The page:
Aram Ilyich Khachaturian

Aram Ilyich Khachaturian

Composer • Conductor

• 1903 1978

Editor's Choice

Born in Georgia to Armenian parents, Aram Khachaturian is celebrated as one of the Soviet Union's pre-eminent composers. Premiered in Moscow in 1940, his magnificent violin concerto was composed for the renowned Odessa-born David Oistrakh. Inspired by Armenian folk traditions, the work alternates between frenzied dance passages and languorous lyrical melodies. Serbian violinist Nemanja Radulovic makes light work of the concerto's technical demands, opening an album that honours Khachaturian's cosmopolitan background by showcasing the musical cultures surrounding the Black Sea. 'Baïka' is Serbian for 'fairytale', and Radulovic's alluring selection of music certainly entices the listener to embark on a flight of fancy. His fellow Serbian Aleksandar Sedlar arranged Rimsky-Korsakov's other-worldly Shcheherezade for violin, piano and string orchestra for this recording. Painting a picture of a mythologised West Asia, this timeless work references stories and characters from some of the region's most famous folk tales. The album's next work - Khachaturian's 1932 trio for clarinet, violin and piano - was a student composition. Its gipsy influenced tunes provide a fitting transition to two contemporary pieces, composed by Sedlar. These riotous fusions of folk and classical styles perfectly conclude a musical journey around the fascinating area where Europe and Asia meet.

Biography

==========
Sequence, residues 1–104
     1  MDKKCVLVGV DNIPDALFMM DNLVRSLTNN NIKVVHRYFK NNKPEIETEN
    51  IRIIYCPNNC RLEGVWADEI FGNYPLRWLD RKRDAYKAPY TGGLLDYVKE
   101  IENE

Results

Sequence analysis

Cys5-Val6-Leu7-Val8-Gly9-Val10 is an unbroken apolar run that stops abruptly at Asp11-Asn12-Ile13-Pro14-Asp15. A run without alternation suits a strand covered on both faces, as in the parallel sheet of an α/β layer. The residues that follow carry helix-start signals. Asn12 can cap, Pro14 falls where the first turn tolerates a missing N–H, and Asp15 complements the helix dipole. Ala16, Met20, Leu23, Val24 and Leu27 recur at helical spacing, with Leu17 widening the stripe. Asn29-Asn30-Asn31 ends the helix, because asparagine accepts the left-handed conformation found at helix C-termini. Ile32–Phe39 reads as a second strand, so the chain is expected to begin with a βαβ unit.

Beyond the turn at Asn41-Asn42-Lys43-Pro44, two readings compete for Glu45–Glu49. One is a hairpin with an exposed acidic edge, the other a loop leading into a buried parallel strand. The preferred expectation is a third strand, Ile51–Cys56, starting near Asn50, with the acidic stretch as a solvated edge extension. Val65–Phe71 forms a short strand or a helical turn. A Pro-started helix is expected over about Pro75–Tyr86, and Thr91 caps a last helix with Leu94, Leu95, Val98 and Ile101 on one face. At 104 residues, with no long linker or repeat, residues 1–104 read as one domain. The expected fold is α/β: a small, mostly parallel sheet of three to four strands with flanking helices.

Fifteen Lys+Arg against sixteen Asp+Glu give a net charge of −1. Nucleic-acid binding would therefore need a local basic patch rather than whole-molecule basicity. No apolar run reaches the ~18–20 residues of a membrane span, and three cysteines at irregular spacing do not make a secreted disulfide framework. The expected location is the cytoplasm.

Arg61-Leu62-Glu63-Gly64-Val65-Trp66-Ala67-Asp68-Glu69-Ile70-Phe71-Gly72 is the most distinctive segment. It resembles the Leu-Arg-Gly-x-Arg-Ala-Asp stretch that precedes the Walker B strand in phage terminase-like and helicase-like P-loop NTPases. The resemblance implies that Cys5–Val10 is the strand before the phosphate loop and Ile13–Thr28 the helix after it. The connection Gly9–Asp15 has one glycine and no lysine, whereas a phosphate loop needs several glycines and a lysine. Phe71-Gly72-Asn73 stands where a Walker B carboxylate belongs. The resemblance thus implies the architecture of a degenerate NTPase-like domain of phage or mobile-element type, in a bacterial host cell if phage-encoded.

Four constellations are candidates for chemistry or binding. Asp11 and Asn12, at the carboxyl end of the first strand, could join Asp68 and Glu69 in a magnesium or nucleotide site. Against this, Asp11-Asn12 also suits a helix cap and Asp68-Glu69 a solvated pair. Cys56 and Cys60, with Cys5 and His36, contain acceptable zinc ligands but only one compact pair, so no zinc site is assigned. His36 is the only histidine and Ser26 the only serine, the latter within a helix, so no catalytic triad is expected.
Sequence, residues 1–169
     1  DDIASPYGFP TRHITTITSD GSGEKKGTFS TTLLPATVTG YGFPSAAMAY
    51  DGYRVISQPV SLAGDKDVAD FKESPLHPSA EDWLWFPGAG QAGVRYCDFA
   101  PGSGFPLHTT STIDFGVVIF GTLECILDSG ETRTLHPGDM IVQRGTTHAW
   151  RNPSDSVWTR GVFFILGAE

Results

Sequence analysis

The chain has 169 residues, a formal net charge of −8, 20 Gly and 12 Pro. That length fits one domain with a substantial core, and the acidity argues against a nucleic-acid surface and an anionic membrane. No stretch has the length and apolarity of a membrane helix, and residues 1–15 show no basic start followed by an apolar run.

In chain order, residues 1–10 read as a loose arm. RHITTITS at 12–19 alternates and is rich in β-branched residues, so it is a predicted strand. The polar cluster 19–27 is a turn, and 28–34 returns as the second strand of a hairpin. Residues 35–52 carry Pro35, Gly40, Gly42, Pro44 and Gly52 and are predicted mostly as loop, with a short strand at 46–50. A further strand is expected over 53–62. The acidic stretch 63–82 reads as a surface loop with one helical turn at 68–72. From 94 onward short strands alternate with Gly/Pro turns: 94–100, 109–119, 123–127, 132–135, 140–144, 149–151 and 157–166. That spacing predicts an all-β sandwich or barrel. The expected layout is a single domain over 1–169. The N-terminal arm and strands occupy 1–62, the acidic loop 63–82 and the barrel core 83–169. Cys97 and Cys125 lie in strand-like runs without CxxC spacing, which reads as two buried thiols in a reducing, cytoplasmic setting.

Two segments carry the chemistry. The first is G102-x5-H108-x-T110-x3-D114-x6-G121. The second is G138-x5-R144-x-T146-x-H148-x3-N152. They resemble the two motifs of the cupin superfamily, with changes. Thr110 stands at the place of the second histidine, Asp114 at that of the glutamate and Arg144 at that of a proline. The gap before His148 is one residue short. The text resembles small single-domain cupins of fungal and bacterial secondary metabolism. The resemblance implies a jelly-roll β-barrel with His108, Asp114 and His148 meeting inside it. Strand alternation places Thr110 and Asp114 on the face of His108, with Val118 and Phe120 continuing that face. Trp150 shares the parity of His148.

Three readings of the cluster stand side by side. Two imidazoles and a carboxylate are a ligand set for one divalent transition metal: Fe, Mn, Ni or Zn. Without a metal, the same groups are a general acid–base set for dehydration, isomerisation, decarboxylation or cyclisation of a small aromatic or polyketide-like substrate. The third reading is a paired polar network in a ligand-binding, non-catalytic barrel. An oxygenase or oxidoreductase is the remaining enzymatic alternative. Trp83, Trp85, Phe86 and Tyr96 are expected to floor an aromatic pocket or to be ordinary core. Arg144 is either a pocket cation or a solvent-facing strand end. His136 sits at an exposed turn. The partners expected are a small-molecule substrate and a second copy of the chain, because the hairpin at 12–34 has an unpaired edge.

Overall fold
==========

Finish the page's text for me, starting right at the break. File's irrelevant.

Although he was indicted (along with Shostakovich, Prokofiev, and a number of other prominent Soviet musicians) for "formalism," in the infamous Zhdanov decree of 1948, Aram Khachaturian was, for most of his long career, one of the Soviet musical establishment's most prized representatives. Born into an Armenian family, in Tbilisi, in 1903, Khachaturian's musical identity formed slowly, and, although a tuba player in his school band and a self-taught pianist, he wanted to be a biologist, and did not study music formally until entering Moscow's Gnesin Music Academy (as a cellist) in 1922. His considerable musical talents soon manifested themselves, and by 1925 he was studying composition privately with Gnesin himself. In 1929, Khachaturian joined Miaskovsky's composition class at the Moscow Conservatory. Khachaturian graduated in 1934, and before the completion, in 1937, of his postgraduate studies, the successful premieres of such works as the Symphony No. 2 in A Minor "With a Bell" (1935) and, especially, the Piano Concerto in D flat Major (1936) established Khachaturian as the leading Soviet composer of his generation. During the vicious government-sponsored attacks, in 1948, on the Soviet Composers' Union (in which Khachaturian, an active member since 1937, also held an administrative function) Khachaturian took a great deal of criticism. However, although he was officially censured for employing modernistic, politically incorrect musical techniques which fostered an "anti-people art," Khachaturian's music contained few, if any, of the objectionable traits found in the music of some of his more adventuresome colleagues. In retrospect, it was most likely Khachaturian's administrative role in the Union, perceived by the government as a bastion of politically incorrect music, and not his music as such, which earned him a place on the black list of 1948. Nevertheless, Khachaturian made a very full and humble apology for his artistic "errors" following the Zhdanov decree; his musical style, however, underwent no changes. Khachaturian joined the composition faculty of the Moscow Conservatory and the Gnesin Academy in 1950, and that same year he made his debut as a conductor. During the years until his death in 1978 Khachaturian made frequent European conducting appearances, and in January of 1968 he made a culturally significant trip to Washington, D.C., conducting the National Symphony Orchestra in a program of his own works. Khachaturian's characteristic musical style draws on the melodic and rhythmic vitality of Armenian folk music. Although not adverse to sharp dissonance, Khachaturian never strayed from a basically diatonic musical language. The Piano Concerto and the Violin Concerto in D Minor are truly Romantic works, virtuosic, clear, and unaffectedly expressive, remaining therefore popular and frequently performed composition. Of course, many neither of these works matches the popularity of the famous "Sabre Dance" from the ballet Gayane, which made Khachaturian a household name during World War II. His other works include film scores, songs, piano pieces, and chamber music. The degree of Khachaturian's success as a Soviet composer can be measured by his many honors, which include the 1941 Lenin Prize, for the Violin Concerto, the 1959 Stalin Prize, for the ballet Spartacus, and the title, awarded in 1954, of People's Artist.

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